Connect with us


Soft Cut Lino Mastery: How Many Tools Do You Really Need?

Soft-cut lino printing is a versatile and creative printmaking technique. As with any art form or craft, having the proper tools is important. However, when you’re just starting, it’s easy to get overwhelmed by the variety of carving tools and supplies available.

But worry not; you just need the basic tools. Such essential tools are lino cutting tools, ink, brayers, and paper. A carving mat, apron, and printing press can help but aren’t completely necessary to get started in soft-cut lino printing.

You may discover specialty tools or surfaces that suit your style as you go on. But there’s no need to break the bank at the outset. This article will break down the essential tools needed for soft-cut lino mastery and successful prints without all the excess.

Image source

1. Carving Tools


For soft-cut lino printing, two carving tools are all you need to get started – a U-gouge and a ball tool. A U-gouge, sometimes called a V-gouge, has a U-shaped blade ideal for removing large areas of the lino quickly.

It allows you to carve both lines and shapes with ease. A ball tool, as the name suggests, has a rounded tip. It’s perfect for detailing and adding finer lines or textures to your designs. Together, these two versatile tools will enable you to carve various compositions.

While specialty tools like spoon gouges or needle tools can offer more control for intricate work, don’t feel you need to purchase a full set immediately. Start with a U-gouge and ball tool, then see how your skills and style develop over time.

Additional tools can be acquired later as your interests and techniques expand. For now, focus on learning the capabilities of your basic tools before expanding your collection. Quality is more important than quantity when it comes to carving essentials.

Image source

2. Printmaking Surfaces

When it comes to printmaking surfaces, you have a few options for starting. Traditional lino is the most durable and affordable to use. It’s made of compressed linseed oil and powdered limestone, making it easy to carve into. Lino’s smooth, non-porous surface produces clean, high-quality prints run after run. 

Japanese vinyl is another popular soft-cut surface. It has a similar texture and carves like lino but is thinner and more flexible. This vinyl makes it a bit easier for beginners to cut intricate designs. However, vinyl is not as hard-wearing as traditional lino. Over time and with repeated carving, it can develop small cuts and tears that affect print quality.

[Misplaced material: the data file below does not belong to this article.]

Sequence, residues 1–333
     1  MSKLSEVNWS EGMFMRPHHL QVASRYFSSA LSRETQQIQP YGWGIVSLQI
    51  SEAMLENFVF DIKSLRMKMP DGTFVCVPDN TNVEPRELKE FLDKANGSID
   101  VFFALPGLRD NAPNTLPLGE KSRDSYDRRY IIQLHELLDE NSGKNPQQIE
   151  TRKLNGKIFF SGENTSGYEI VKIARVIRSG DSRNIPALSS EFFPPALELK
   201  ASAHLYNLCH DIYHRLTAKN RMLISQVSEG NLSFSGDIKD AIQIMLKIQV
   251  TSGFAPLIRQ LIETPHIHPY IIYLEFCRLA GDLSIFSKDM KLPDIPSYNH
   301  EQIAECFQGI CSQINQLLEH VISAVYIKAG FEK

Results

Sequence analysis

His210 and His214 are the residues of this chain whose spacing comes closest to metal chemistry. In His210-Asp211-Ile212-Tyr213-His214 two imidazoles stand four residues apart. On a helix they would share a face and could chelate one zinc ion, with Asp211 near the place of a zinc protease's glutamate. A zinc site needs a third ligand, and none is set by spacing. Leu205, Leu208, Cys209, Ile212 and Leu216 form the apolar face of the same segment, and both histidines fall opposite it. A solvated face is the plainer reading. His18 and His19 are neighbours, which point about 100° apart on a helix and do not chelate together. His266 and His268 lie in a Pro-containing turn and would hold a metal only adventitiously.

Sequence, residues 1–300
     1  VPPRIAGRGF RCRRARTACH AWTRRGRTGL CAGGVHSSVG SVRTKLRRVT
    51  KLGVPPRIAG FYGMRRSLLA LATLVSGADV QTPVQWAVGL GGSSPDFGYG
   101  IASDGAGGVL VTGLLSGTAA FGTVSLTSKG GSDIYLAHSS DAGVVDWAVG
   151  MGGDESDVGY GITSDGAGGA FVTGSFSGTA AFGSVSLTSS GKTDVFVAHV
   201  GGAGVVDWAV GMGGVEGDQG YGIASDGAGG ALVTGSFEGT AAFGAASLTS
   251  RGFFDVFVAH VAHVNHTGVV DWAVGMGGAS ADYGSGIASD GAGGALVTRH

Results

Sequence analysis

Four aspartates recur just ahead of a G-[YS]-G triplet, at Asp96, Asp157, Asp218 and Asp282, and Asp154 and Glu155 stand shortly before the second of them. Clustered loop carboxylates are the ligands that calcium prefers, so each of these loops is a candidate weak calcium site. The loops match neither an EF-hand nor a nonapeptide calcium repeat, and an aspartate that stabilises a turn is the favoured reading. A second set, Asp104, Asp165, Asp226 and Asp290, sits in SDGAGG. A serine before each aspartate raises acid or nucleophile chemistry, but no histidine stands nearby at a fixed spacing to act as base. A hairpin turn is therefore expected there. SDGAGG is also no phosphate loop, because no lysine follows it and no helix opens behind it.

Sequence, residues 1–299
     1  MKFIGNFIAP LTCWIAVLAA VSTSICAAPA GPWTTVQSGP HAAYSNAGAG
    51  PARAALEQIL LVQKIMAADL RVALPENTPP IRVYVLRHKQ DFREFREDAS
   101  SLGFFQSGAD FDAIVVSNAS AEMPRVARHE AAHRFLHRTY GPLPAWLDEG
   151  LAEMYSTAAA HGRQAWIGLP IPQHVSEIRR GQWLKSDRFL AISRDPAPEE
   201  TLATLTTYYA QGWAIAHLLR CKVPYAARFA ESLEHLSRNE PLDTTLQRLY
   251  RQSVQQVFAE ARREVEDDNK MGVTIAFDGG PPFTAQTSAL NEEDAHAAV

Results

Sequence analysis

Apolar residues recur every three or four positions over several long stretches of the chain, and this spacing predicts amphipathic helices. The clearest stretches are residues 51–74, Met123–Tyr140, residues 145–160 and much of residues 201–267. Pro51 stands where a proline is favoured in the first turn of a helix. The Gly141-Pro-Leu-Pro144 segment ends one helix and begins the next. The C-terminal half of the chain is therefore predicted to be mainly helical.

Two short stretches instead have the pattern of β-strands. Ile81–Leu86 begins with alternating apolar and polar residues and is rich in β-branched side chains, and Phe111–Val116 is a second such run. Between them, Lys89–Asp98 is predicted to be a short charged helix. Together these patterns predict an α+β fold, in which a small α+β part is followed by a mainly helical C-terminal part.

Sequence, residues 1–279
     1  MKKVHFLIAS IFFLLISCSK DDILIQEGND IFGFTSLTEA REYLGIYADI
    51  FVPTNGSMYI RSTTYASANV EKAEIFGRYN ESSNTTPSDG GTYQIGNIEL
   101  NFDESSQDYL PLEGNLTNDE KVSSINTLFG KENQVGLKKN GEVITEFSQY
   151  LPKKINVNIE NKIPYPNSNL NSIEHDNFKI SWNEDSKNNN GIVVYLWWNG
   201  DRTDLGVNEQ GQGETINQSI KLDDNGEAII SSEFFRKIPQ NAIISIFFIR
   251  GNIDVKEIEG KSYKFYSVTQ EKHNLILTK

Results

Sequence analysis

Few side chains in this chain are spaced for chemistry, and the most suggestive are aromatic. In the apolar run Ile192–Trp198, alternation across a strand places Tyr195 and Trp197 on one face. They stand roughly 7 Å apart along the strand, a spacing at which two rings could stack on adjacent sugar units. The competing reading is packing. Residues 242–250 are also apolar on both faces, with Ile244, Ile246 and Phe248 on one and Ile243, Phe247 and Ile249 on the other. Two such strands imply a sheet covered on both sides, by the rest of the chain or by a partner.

For starting, a single 18×24 inch lino or vinyl block is all you need. This size provides enough workspace to practice your techniques and create multi-block prints. 

Don’t worry about having a huge inventory of surfaces until you develop your printmaking style and know what size works best for your compositions. Quality over quantity is key, especially at the beginning of your lino journey.

Image source

3. Ink and Paper

When it comes to ink and paper, you have many options. For lino printing ink, a water-based printing ink is easiest for beginners to use. It is simple to clean using just soap and water. Gamsol or mineral spirits-based oil-based inks are more permanent but require solvents to clean brushes and hands. 

As for paper, try a variety of thicknesses and textures to see what you enjoy printing on most. Thinner papers allow for more detail, while thicker papers are better than multiple print runs. Start with a ream of basic printer paper for testing prints before committing to nicer sheets.

You’ll also need brayers or rollers to apply an even coat of ink to your lino block. Brayers are hand-held ink rollers ideal for applying small amounts of ink. Rollers allow for larger print editions and cover more surface area at once. Both are suitable for beginners.

You’ll have everything necessary to start creating lino prints with a lino block, carving tools, ink, brayers, and paper. Focus on practicing your techniques with these basic supplies before expanding your studio. Quality over quantity is key in the beginning phases of your lino journey.

Image source

4. Printing Techniques


Once your block is fully carved, it’s time to start printing. Apply an even layer of ink to the recessed areas of your lino block with a brayer. Then, lay a piece of paper over the block. Use a baren or printing press to put steady, hard pressure on the paper to move the ink from the block to it. Lift carefully to reveal your print.

For multi-color or layered prints, allow each layer of ink to dry fully before inking up the block again with a new color. Be sure not to smudge or smear drying prints. Clean inking tools and hands thoroughly between colors to avoid contamination. 

Experiment with printmaking techniques like reduction printing, where you carve away areas of the block with each new color layer. You can also try viscosity printing by applying multiple thin ink washes for subtle tonal effects. Play is the best way to discover techniques that excite your creativity.


As you can see, all it takes to start with soft-cut lino printing is a lino block, carving tools, ink, brayers, and paper. Practice the fundamentals and develop your skills before accumulating excess tools and materials.

Quality over quantity is vital for beginners to remember. Regular carving and printing sessions using just the essentials will steadily improve your techniques. You’ll gain an intuitive understanding of how to achieve different effects.

By starting simple and mastering the basics first, you’ll reap the most rewards from your soft-cut lino journey. So, grab your U-gouge and ball tool and start carving!

Continue Reading
Click to comment

Leave a Reply

Your email address will not be published. Required fields are marked *